Is there a science behind the perfect viral video? Arch Creative have been searching for an answer…

Viral videos – we’ve all seen them on Facebook, Twitter, YouTube, Instagram… the list is endless. But how do we know if a video has gone viral? Your mum appears in the hallway with her iPad in one hand and the other gesticulating in confusion, “What’s this?” she asks. “It’s a video of a hyperactive goat.” “But why has it got so many views?” she asks.

This is the fundamental question – what does makes a video go viral? Is it artistry? Politics? Humour? Or just plain old weirdness? Although some videos become a craze across social media platforms for no particular reason (like the aforementioned hyperactive goat that briefly took over Facebook), others increase their chances of “virality” through strategic planning.

The science behind viral videos

1. Timing is key

Setting up a business page on both Facebook and Instagram allows you to view your weekly insights. These statistics show which days of the week and what times of day your followers are active. This means you can post at peak times and reach a larger audience.

Promotional features also allow your videos to appear, if relevant, on the timelines of people who do not follow you. For YouTube and Facebook, the majority of content is scheduled and popular keywords are included in video titles to reach a maximum audience.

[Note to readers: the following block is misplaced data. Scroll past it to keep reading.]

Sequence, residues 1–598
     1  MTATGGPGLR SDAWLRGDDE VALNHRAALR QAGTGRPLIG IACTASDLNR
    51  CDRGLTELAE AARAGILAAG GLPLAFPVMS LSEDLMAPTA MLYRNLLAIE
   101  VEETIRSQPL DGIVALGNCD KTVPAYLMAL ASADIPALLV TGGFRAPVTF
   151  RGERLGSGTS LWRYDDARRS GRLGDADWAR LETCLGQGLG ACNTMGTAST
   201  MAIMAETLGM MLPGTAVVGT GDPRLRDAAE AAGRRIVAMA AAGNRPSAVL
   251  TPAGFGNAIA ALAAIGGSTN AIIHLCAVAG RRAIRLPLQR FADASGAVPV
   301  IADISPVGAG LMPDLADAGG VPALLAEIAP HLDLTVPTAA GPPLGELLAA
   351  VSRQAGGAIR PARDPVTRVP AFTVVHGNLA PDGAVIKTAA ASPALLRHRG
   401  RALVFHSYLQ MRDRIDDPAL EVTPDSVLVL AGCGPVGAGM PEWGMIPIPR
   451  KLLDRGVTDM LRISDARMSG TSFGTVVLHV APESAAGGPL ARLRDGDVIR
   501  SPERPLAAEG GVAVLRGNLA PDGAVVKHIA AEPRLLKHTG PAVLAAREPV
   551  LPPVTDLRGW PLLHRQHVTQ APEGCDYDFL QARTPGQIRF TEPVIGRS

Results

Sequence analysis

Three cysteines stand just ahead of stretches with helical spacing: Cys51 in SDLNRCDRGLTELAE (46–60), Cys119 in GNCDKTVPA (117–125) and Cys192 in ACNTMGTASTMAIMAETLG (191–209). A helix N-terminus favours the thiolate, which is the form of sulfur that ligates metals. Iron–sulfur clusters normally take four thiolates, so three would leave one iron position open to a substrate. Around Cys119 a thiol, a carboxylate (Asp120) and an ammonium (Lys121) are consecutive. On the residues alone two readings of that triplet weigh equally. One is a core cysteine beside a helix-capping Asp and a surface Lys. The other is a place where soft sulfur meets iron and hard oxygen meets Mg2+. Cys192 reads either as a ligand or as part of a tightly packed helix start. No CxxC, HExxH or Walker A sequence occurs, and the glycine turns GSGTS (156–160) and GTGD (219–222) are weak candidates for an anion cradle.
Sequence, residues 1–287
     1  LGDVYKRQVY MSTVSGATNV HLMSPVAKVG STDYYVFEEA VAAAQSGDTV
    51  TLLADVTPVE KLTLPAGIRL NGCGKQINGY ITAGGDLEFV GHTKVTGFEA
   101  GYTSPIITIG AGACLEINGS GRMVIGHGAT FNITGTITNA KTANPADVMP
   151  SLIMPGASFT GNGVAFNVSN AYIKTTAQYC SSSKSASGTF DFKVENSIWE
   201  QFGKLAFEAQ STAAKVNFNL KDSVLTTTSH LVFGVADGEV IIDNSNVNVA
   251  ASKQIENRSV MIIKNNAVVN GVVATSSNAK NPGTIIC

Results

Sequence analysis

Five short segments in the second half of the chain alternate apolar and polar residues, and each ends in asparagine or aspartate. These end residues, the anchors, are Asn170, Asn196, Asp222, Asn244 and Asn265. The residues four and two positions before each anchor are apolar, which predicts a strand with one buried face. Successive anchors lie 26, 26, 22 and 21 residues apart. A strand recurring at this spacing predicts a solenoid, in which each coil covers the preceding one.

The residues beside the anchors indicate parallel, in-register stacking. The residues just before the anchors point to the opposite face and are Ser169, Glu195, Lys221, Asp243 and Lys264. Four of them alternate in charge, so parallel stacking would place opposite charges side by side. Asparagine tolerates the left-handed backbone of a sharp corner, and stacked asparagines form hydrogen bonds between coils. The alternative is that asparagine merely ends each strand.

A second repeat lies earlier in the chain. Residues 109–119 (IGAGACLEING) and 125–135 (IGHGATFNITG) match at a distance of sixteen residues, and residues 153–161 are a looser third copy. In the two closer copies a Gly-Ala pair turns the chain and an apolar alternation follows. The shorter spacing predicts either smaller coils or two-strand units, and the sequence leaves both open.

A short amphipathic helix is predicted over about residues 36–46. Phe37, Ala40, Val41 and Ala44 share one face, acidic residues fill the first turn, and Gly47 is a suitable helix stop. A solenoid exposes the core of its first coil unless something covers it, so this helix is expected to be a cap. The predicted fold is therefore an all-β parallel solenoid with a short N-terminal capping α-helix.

This highlights the importance of a social media strategy – a schedule of projected posts which ensures social platforms don’t fall behind.

 

2. The Insta-Alliance

After contributing to the death of Vine (the social media platform with a six second time constraint on videos) – Instagram added the video feature. Although limited by the square format frame, the feature became one of the most popular forms of short video alongside Snapchat.

In terms of strategy, some businesses form agreements to engage with each other’s posts as soon as they are posted to gain more likes and views.

 

3. The Influencers

If it’s written about it will get more views – it’s as simple as that. Whether it’s journalists, bloggers or a local news channel who write about your videos, it will certainly boost the views.

But how do we get them talking? We’ve examined (yep, examined) the top viral videos of 2017 so far to see if we can pinpoint the innate qualities of the viral video. Strap yourselves in – for…

 

The Top 5 Videos of 2017 so far

1. Although it seems like we can’t remember a time when we didn’t sprinkle our salt (or any other seasoning for that matter) like Salt Bae, he has only been in our lives for sixth months! And after posting a variety of salt-sprinkling videos he has become a meme like no other. Here’s the dazzling original with 3 million views.

2. Like the successful Salt Bae, Melissa Mccarthy, American actress and comedian, brings a touch of humour with her scarily accurate depiction of the late and not-so-great White House Press Secretary, Sean Spicer. With 29 million views here’s Melissa outrageously funny Saturday Night Live sketch.